Ménie Muriel Dowie

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Ménie Muriel Dowie , largely forgotten travel and adventure writer, essayist and new woman novelist, stormed into the literary scene of the 1890s with her enormously popular first book, A Girl in the Karpathians, which describes her solitary journey through easternEurope. By then she was a published poet, essayist, and writer of short stories, and had earned accolades for her speeches. During the last decade of the nineteenth century and the first few years of the twentieth, she wrote across a variety of genres, becoming both a columnist and editor, and continuing to publish short stories, most notably in The Yellow Book, before her abrupt departure from the literary scene in 1903. Her characteristic tone is ironic, satirical, and often playfully ambiguous.
Sketch of Ménie Muriel Dowie, by M. Fletcher, 1891. She stands in a jaunty pose, head tilted, left hand on hip, and right hand holding her tam-o'-shanter-style cap. Her "Karpathian Costume" (as the caption below has it) also includes breeches, an open jacket over a laced waistcoat over a shirt, and gaiters stretching from her thighs to cover part of her shoes.
"Ménie Muriel Dowie" Retrieved from https://commons.wikimedia.org/wiki/File:M%C3%A9nie_Muriel_Dowie_0001.jpg. This work is licensed under the Creative Commons CC0 1.0 Universal (CC0 1.0) Public Domain Dedication license. This work is in the public domain.

Milestones

15 July 1866
Mary Muriel Dowie (who was known all her life by her familiar name, Ménie) was born at 7 Dingle Hill, Toxteth Park, Liverpool, the fourth of five children.
Matthew, Henry Colin Gray, Brian Harrison, and Lawrence Goldman, editors. Oxford Dictionary of National Biography.
7 December 1889
MMD 's first known publication under her own name appeared in Chambers's Journal: a three-stanza poem entitled, from its form, Rondel.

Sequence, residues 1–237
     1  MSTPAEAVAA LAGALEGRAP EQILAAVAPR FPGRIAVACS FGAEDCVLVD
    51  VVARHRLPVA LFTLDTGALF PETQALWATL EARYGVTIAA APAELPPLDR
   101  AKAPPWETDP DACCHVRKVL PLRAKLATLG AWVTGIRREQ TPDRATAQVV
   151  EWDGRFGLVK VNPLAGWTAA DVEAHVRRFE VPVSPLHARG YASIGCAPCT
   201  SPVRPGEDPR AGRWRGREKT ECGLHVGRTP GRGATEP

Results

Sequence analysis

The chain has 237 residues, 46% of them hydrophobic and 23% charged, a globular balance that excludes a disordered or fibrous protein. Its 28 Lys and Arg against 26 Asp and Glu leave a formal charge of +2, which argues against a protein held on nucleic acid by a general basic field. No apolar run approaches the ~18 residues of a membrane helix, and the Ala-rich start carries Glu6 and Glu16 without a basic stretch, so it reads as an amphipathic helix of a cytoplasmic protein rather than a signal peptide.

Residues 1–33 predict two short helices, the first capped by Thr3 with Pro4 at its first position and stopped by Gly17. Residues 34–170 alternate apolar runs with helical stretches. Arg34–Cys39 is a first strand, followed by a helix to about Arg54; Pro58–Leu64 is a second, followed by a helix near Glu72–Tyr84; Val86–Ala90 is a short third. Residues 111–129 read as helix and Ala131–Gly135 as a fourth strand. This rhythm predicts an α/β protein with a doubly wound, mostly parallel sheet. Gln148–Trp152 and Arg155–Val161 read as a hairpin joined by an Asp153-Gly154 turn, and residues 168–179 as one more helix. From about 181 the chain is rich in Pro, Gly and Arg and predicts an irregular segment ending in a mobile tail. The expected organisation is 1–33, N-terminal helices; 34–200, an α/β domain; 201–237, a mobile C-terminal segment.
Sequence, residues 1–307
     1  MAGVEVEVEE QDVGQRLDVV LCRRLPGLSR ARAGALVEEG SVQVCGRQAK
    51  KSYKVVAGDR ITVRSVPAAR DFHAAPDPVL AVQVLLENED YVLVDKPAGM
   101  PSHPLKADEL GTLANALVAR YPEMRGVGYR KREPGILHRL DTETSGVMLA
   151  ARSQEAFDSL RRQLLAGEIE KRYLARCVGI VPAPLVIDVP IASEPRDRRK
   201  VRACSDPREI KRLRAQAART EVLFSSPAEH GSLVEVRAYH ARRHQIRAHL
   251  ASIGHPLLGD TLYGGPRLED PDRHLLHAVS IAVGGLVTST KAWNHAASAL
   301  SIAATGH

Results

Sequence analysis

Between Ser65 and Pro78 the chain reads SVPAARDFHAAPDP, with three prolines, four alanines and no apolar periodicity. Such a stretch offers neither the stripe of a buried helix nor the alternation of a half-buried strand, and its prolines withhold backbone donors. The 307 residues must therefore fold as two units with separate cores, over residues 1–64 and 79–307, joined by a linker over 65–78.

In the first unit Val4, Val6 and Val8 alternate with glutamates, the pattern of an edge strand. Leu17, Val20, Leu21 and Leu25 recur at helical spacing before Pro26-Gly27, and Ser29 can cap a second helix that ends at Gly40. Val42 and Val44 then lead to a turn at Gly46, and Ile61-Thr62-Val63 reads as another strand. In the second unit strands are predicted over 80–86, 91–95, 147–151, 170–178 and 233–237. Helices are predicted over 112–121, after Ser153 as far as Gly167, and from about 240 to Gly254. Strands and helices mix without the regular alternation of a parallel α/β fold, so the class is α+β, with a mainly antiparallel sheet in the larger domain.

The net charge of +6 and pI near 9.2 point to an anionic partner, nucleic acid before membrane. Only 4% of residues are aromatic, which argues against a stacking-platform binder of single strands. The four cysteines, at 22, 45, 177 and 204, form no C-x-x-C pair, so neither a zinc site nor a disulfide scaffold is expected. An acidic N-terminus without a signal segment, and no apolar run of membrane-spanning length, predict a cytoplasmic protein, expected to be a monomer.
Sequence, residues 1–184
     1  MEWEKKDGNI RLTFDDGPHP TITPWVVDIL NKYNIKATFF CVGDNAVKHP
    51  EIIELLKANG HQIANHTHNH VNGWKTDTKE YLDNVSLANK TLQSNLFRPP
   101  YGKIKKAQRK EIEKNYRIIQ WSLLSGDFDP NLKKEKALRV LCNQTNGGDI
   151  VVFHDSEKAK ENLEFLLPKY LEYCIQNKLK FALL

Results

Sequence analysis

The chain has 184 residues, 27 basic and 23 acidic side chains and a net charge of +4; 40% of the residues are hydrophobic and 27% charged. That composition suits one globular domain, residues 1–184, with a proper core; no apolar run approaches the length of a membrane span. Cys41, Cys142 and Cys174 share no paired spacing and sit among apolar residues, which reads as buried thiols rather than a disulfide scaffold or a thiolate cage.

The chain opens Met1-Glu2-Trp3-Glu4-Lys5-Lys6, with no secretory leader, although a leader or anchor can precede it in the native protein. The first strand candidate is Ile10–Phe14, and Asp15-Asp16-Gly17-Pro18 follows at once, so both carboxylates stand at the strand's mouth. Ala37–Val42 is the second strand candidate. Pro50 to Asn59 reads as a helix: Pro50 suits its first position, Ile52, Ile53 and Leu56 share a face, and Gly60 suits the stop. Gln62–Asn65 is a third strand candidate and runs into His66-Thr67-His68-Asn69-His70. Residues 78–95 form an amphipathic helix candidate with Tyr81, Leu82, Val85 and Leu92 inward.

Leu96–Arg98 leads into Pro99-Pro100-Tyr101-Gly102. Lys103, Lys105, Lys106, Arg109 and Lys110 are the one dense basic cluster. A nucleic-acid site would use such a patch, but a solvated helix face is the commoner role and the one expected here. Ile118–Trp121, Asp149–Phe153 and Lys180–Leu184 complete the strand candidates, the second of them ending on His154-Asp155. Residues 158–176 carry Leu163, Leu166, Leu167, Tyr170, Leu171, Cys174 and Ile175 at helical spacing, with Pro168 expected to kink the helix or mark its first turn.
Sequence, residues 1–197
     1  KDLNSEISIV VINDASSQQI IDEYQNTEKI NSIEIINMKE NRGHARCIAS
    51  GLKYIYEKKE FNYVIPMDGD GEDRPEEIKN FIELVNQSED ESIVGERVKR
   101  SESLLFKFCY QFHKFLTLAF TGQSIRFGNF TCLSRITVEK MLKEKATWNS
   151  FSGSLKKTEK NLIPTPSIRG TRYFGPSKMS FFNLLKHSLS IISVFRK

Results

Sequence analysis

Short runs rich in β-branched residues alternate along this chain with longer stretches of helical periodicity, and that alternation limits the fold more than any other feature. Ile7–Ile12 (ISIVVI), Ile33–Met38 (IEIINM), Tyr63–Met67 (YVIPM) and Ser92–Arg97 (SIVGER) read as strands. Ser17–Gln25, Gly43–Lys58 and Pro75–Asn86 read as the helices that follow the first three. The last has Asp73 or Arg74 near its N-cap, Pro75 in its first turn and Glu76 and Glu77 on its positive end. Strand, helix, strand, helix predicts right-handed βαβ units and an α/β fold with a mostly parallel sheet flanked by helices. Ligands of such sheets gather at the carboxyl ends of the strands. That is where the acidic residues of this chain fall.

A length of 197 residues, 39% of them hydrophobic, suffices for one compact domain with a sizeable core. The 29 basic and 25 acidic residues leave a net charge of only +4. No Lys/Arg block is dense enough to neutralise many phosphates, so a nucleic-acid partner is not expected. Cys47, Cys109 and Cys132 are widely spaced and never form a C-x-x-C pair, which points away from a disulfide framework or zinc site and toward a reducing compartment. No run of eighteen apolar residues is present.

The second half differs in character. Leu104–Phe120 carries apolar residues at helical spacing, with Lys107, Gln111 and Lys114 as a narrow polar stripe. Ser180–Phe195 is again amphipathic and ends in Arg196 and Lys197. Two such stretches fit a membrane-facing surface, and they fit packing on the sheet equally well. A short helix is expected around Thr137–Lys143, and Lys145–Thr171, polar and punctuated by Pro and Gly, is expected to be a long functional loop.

C19: The Nineteenth Century Index.
Chambers, William, and Robert Chambers, editors. Chambers’ Edinburgh Journal. William Orr.
6.310 (7 December 1899): 784
7 May 1891
MMD 's bright and lively travel account entitled A Girl in the Karpathians appeared to critical and popular acclaim.
“19th Century British Library Newspapers”. Gale: 19th Century British Library Newspapers.
Pall Mall Gazette 8152 (7 May 1891): 3
20 February 1895
MMD 's New Woman novel Gallia appeared in print. It became (according to her Times obituary) one of her best known works.
“19th Century British Library Newspapers”. Gale: 19th Century British Library Newspapers.
Aberdeen Weekly Journal 12497 (18 Feb 1895): 2
“The Times Digital Archive 1785-2007”. Thompson Gale: The Times Digital Archive.
50106 (2 April 1945): 6
British Library Catalogue.
July 1903
MMD 's last known publication, a short poem entitled The Thrall Song, appeared in the Pall Mall Magazine.
Dowie, Ménie Muriel. “The Thrall Song”. Pall Mall Magazine, No. 123, p. 393.
30.123 (July 1903): 393
British Periodicals. ProQuest.
25 March 1945
MMD died at Tucson, Arizona, about four years after she had emigrated, and nearly two years after the death of her son.
Dowie, Ménie Muriel. Gallia. Small, HelenEditor , J. M. Dent, 1995.
xxxv
“The Times Digital Archive 1785-2007”. Thompson Gale: The Times Digital Archive.
50106 (2 April 1945): 6

Biography

Birth and Family

15 July 1866
Mary Muriel Dowie (who was known all her life by her familiar name, Ménie) was born at 7 Dingle Hill, Toxteth Park, Liverpool, the fourth of five children.
Matthew, Henry Colin Gray, Brian Harrison, and Lawrence Goldman, editors. Oxford Dictionary of National Biography.